September 14, 2004 > George Bruno, Candidate for U.S. Congress
George Bruno, Candidate for U.S. Congress
TCV: Why did you decide to run against Rep. Pete Stark, an established congressman in a district with a preponderance of voters registered to his party?
Bruno: I don't think we're well represented by Stark in this district. He's been in office for 32 years and has become a lonely extremist, out of touch with his constituents. He doesn't live here anymore; he lives in Maryland. He ridicules the constituents he doesn't agree with. In congress he says it's no fun - he can't anything done anymore - because he is in the minority party. Instead of working with the majority party, the republicans, he insults them. I don't know how he thinks he's going to get anything done in that kind of a climate.
My opponent is a co-sponsor of a bill to reinstate the draft. I'm a military veteran, and I was a civilian employee of the Navy, so I have been in defense for most of my career, and I do not endorse the return of the draft. I don't think it's needed, and it's wasteful and costly. You'll have people in uniform that you don't need. I don't know where he's coming from on that one.
It's time for a change.
TCV: What do you think are the primary issues facing the congress?
Bruno: National security and health care (I hope!). If they don't start paying attention to the health care problems we are having there is something wrong. I think that's becoming a major issue, but it is secondary to national security; we have to protect ourselves. We need to live without fear in our daily lives.
Health care costs are soaring and hospitals are closing - some that are staying open are closing emergency rooms. They can't make any money. It's a major area of concern. The issue covers health care, employment, Medicare, and cost of living. Even the availability of care is becoming an issue.
There is no easy solution, and the government may have to provide some financial support to get us through this time. We have to find a solution. One of the major problems is uncompensated health care and mismanagement. There is a lot of health care cost as well as administrative costs that need to be wound down and tightened up.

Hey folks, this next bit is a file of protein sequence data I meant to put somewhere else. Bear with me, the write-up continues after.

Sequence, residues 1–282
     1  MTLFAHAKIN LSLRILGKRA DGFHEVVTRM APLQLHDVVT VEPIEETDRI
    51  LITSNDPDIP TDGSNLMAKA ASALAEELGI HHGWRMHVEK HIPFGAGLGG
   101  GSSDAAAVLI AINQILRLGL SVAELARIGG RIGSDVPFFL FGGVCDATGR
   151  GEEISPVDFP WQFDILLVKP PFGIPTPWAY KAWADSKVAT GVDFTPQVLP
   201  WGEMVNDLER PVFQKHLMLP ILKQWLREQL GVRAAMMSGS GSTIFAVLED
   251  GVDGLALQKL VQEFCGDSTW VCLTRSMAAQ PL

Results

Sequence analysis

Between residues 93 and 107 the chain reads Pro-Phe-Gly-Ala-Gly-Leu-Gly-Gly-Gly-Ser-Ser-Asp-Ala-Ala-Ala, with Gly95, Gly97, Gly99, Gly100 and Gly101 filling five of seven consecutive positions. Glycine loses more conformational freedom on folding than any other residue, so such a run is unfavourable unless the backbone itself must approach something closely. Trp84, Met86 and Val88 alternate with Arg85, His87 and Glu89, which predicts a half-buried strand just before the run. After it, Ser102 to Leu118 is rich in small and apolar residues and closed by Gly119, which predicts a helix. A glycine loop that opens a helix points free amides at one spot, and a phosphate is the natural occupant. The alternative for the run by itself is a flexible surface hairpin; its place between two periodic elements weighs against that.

TCV: There are many issues, which have come and gone on the national scene, and we don't seem to get any closer to solutions. One of them is social security funding. Recently, proposals of savings accounts and privatizing a portion of the retirement system have been advanced. What do you think of this? How can you be effective as 1 representative of 435 members of the House of Representatives?
Bruno: You align yourselves with people that have similar ideas and work with others to learn all you can on the issues. You must also get public and constituent support. I am in favor of social security changes although I always emphasize that anyone in the program will get full compensation. On the personal savings part, I am for that. I think it is an opportunity for retirement to grow, better than the social security system. That portion would belong to you and any residual amount left can be passed on to your heirs, which you can't do with social security.
TCV: What do you think about the income tax system? Is there a way to simplify this?
Bruno: It certainly can be simplified; I don't think anyone would argue with that. If you call the IRS and ask them some tax questions there is a fifty-fifty chance they will be wrong. There are a large number of politicians that don't like the flat tax, but I think it's important to get away from the graduated income tax. People could work more without having to worry about moving into a higher tax bracket.
A national sales tax has merit too. For people in the underground economy - cash only and money laundering with criminal interests and such - any time the money moves in the public sector; it would create revenue. I think either plan is better than what we have today.
TCV: We are involved on several military fronts at this time. What are your thoughts?
Bruno: I think the move into Afghanistan was great because we moved in and know where the terrorists were and eliminated their cells and training facilities and eliminated a lot of their personnel. The president did a good thing to identify other countries that threaten world peace.
In Iraq, we just swept in and took over the country so quickly and everyone was thinking, "all right, this is great," but look at what is going on now. It is a tough fight. It is disappointing that we haven't gotten support from the countries that we normally consider traditional allies. I think if you look at Iraq, we have thirty countries over there helping us. You aren't seeing the big names; France, Germany and Russia in particular, but now they are starting to have their own problems - that's kind of interesting.